“Sugar Daddies” at ACT Theatre

ACT-Sugar Daddies Seán Griffin and Emily Chisholm - photo by Chris Bennion

Seán Griffin and Emily Chisholm – photo by Chris Bennion

It’s not often that a noted English playwright comes to Seattle to direct the American premiere of one of his plays, his 64th to be exact. But that is just what we have here. The highly lauded Sir Alan Ayckbourn has been in Seattle fashioning ACT’s production of “Sugar Daddies.”

The laughs are many and come swiftly. It’s a funny, funny work, but underneath the humor some interesting questions poke through. Questions like: Who are we really? Is there ever a gift with no strings attached? Can there be redemption, and do we have it here?

As the play opens, Sasha, an innocent young thing, drags an old man dressed as Father Christmas into her London flat. He’s been knocked down on the street, and she, with the most altruistic intentions, is swift to assist him. His method of repaying her kindness is over the top. He showers her with expensive gifts and experiences, provides unbelievable discounts on almost anything she wants to buy. And she accepts it all never wanting to know what’s behind this largesse. The serpent has offered the apple and Sasha takes more than one bite.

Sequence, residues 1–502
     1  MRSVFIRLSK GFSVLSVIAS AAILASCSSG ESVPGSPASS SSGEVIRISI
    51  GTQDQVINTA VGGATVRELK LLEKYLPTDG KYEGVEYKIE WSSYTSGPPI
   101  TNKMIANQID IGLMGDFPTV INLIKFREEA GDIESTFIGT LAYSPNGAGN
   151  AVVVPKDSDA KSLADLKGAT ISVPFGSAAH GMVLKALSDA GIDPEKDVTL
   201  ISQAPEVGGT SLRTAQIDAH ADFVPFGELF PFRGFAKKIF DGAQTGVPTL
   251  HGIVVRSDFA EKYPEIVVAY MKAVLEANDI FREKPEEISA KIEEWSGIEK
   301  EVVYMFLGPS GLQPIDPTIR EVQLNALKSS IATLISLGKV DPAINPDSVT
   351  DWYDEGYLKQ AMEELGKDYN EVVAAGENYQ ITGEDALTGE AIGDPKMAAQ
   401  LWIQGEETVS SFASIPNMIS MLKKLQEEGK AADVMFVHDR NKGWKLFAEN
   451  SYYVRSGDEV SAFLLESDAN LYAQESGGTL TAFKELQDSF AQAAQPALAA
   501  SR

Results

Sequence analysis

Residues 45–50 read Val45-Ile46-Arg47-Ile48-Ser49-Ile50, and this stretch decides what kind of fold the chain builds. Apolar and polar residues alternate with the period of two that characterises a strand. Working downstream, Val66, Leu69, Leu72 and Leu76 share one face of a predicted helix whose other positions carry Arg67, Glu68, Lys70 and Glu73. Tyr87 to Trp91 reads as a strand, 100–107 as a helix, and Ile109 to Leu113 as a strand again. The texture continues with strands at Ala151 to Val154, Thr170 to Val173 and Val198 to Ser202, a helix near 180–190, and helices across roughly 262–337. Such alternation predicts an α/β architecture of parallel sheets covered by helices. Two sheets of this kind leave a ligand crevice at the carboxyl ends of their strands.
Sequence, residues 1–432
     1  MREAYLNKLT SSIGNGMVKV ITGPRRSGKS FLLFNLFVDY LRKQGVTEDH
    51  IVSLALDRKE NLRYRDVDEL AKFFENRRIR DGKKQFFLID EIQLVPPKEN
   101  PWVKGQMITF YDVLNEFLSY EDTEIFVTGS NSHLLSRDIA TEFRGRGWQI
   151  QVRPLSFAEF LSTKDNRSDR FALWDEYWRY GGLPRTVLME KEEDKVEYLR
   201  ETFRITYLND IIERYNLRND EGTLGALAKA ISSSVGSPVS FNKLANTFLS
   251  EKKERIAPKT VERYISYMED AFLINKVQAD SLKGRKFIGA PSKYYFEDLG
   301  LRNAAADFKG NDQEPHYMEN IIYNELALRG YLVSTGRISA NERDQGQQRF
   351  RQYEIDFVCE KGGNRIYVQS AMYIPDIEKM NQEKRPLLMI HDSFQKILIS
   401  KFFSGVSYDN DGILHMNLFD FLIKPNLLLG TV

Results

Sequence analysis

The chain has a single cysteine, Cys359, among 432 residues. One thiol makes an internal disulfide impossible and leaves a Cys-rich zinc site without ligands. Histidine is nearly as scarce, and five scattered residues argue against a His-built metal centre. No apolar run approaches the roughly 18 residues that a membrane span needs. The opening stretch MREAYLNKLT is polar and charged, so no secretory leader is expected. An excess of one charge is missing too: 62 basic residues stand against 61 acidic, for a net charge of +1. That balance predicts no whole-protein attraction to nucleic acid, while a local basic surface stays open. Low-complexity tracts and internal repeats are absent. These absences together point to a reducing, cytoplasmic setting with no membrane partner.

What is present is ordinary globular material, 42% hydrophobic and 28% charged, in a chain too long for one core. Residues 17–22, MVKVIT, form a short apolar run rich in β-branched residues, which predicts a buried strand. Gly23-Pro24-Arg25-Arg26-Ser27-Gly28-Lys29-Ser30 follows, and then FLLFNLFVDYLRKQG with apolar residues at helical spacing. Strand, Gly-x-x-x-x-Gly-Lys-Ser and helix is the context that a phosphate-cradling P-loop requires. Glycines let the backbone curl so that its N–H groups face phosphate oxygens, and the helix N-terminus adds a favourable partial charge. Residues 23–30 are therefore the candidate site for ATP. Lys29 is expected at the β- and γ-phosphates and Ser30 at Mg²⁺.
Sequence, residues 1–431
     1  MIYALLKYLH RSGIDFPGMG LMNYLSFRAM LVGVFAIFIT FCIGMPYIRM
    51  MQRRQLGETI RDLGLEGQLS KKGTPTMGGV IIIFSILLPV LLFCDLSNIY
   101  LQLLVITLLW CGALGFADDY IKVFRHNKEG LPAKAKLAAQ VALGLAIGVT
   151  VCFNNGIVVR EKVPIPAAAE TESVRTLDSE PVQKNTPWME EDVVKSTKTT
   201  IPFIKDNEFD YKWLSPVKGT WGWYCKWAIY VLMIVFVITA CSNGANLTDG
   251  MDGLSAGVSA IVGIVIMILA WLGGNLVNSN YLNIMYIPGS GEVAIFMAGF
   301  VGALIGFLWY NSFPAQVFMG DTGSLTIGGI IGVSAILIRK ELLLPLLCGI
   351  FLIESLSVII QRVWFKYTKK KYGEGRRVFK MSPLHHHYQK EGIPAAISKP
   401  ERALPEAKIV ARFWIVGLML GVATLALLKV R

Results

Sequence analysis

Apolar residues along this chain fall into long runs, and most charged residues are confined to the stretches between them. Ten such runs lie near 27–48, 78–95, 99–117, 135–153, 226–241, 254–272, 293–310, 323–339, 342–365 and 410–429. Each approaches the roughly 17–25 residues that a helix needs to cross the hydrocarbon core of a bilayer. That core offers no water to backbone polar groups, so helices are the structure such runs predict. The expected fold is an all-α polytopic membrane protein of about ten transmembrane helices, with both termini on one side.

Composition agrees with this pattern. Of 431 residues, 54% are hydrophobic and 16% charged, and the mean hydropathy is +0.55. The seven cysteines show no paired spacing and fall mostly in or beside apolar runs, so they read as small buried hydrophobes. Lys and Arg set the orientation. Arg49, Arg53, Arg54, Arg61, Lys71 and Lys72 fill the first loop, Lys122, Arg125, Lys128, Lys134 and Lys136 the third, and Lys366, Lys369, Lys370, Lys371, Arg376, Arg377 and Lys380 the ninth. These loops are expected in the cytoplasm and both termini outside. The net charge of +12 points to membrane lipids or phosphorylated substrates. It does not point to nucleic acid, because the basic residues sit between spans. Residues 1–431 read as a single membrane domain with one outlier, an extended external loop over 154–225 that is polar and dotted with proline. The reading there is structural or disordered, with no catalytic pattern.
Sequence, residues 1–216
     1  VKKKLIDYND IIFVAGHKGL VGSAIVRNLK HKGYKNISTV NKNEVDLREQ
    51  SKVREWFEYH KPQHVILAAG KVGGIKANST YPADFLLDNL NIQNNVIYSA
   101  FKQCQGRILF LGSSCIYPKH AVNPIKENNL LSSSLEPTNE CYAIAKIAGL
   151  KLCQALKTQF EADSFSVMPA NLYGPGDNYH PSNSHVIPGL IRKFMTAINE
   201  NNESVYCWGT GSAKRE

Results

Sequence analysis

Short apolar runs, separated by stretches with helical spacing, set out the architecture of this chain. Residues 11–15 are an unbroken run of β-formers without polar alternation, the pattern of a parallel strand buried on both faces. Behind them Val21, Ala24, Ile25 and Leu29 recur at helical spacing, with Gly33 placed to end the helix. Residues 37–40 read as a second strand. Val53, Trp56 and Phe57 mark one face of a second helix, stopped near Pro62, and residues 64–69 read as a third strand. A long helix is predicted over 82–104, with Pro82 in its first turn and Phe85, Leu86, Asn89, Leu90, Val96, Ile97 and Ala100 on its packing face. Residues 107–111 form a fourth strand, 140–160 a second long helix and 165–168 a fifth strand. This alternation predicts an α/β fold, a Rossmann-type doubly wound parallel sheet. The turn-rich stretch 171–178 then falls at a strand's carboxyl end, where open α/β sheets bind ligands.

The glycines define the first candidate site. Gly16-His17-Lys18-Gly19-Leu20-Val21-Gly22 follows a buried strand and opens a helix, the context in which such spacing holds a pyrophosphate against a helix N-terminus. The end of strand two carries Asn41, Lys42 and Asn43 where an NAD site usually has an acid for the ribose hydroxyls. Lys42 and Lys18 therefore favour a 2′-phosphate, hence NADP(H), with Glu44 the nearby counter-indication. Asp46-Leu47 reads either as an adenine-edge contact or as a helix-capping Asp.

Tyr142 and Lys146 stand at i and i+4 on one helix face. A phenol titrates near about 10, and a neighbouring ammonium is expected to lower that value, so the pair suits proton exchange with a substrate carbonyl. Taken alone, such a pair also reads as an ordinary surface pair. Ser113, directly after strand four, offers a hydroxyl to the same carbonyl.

Sean G. Griffin, as “Uncle Val” the beneficent Santa, wears his patina of grace with aplomb, but, of course, this old St. Nick has an unsavory backstory. And there is the moment when he turns that avuncular generosity into hateful threat. It’s a nuanced, powerful performance. Emily Chisholm as Sasha personifies naiveté, so naive is she, she doesn’t see the insidious nature of the change she undergoes as the play progresses. The contrast between Chisholm and Elinor Gunn who plays her world-wise but romantically naive sister is delectable. All five cast members are in top form here.

The only weakness in this piece is that Sasha is simply too innocent to be totally believable. It’s not easy to accept the all-too-wise, savvy woman she becomes at play’s end. That is a bit too contrived for me, but everything else works in this production.

Through Nov. 3 at ACT Theatre, 700 Union St., Seattle, (206 292-7676 or www.acttheatre.org).

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